In the civil court where the proceedings are usually costs-bearing (the loser pays the winner's fees), costs budgeting was introduced for cases that were not straightforward. The process has been an utter disaster. Without boring you too much the process was meant to control the level of expenditure on legal fees and deter parties from spending money which they were guaranteed not to recover.

The procedure was and is confusing and lack of training for the judiciary has led to unpredictable results. When the scheme was introduced everyone was told that if they stuck to their budget, they would recover 90% of their costs without a bun fight over costs at the end. It turns out that the bun fight is more ferocious, there is no guarantee of recovery, the court changed the rules on proportionality (which means that even if a judge says that the budget is eminently reasonable, another judge can reduce the costs at the end because 'they look high').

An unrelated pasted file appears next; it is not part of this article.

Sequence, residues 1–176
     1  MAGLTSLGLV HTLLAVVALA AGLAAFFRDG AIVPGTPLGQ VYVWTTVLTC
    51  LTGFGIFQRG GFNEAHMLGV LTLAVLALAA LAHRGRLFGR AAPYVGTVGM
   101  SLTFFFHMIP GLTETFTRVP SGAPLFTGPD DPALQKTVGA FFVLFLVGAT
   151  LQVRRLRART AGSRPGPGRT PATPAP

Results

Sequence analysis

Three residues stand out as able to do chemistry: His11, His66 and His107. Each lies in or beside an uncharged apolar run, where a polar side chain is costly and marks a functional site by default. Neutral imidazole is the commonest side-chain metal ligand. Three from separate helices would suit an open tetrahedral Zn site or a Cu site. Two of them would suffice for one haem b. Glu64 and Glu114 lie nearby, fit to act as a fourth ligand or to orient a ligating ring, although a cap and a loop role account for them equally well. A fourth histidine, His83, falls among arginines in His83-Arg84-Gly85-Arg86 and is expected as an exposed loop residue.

And, to cap it all - 1% of the approved budget was permitted to prepare the first budget but the court does not have to order budgets so parties are compelled to spend money on the process only for the court to say \"nah, not on this one\" which is costly particularly if there are several parties involved as they have to prepare budgets prior to the hearing and spend time trying to agree those budgets before the judge makes the decision.

Fixed fees are a great idea but the implementation is problematic. Why not start with a less challenging data set such as plumbing. Why do plumbers get to charge a tidy sum for a fairly formulaic piece of work and why does it cost more if that work is urgent? Most of their income is profit as a plumber's professional indemnity insurance is miniscule in comparison to that of a solicitor. Do plumbers have to have a practising certificate (around £350) to conduct their trade? Do they have to charge fixed fees?